February 25, 2021

Superhuman: An email management service for 27 euros per month | Technology


Email has become an indispensable tool for millions of users. Gmail, Outlook or Yahoo They are just some of the free email services in the market. In a context in which managing emails can be done manually and without paying anything, a startup which charges $ 30 – about 27 euros – a month to help make it faster has become fashionable in Silicon Valley. It’s called Superhuman and promises "the fastest email experience ever created." The service, which can only be accessed by invitation, has a waiting list of more than 220,000 people, according to its founder, Rahul Vohra.

The key to Superhuman is that it has keyboard shortcuts that allow the user to perform multiple actions without having to lose a second in catching the mouse. The startup has recently received in a round of financing 33 million dollars from Andreessen Horowitz, the influential venture capital company that since its creation in 2009 has backed Twitter, Instagram, Facebook and many other important companies.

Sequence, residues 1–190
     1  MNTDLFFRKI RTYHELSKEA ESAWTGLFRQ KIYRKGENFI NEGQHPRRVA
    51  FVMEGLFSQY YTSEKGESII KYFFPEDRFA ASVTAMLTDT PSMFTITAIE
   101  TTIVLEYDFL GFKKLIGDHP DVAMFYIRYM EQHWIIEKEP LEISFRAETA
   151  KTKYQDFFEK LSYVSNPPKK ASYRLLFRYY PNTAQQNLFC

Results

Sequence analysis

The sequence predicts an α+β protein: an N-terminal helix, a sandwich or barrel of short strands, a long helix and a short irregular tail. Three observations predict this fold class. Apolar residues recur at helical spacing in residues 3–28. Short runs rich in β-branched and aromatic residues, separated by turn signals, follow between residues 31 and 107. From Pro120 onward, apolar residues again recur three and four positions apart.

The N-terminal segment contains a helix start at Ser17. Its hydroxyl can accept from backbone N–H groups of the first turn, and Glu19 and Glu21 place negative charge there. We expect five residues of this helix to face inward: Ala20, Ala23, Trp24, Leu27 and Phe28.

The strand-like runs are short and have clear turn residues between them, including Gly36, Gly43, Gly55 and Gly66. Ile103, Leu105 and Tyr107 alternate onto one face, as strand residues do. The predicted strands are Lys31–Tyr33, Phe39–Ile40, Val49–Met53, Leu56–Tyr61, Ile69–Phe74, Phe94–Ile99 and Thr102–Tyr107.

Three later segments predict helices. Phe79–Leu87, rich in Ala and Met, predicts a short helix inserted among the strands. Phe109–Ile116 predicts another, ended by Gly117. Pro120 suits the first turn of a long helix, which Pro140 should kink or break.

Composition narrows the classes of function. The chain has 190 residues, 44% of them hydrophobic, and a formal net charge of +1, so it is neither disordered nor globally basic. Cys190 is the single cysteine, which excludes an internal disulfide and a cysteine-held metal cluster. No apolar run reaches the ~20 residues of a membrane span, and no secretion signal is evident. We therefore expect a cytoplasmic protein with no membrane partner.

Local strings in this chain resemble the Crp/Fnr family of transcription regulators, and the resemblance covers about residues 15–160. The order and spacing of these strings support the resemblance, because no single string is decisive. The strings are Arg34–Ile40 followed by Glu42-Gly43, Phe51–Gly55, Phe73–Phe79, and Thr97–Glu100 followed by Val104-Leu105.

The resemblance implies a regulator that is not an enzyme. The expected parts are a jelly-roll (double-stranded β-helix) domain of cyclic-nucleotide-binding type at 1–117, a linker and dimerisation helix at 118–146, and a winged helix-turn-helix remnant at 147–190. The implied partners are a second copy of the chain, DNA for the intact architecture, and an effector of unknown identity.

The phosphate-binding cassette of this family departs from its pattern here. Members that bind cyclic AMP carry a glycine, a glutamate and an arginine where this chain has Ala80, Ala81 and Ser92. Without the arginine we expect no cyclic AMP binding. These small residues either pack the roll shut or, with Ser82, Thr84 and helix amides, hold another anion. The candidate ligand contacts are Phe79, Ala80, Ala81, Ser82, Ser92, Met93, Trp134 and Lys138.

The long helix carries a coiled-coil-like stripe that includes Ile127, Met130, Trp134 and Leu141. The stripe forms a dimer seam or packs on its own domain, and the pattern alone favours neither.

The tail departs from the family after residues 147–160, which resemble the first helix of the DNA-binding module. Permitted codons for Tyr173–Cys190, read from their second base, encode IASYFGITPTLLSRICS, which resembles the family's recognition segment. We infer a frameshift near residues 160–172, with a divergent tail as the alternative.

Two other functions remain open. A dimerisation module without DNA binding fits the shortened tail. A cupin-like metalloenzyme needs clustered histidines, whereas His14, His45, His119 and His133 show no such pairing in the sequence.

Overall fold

Vohra started creating Superhuman in 2014. Before that, he had founded Rapportive, an email company that was acquired by LinkedIn in 2012. “I realized that the email market had adopted a unique model. Everyone had to use Gmail or Outlook, regardless of whether they sent one or 100 emails a day, ”he explains to this newspaper. This led him to create a service aimed at "the people who live within the email". That is, "the people for whom email is work and work is email."

To reduce the time it takes to write emails, Superhuman has implemented the snippets. These are keyboard shortcuts that allow the user to automate typing and quickly type default phrases, paragraphs or even complete emails. They are also used to attach files, copy someone, delete a sent message, schedule emails or cancel a subscription. Vohra gives as an example an email in which a user asks for access to Superhuman. It is a message that you receive on a regular basis, so, with the press of a key, you can ask the issuer to complete the incorporation survey.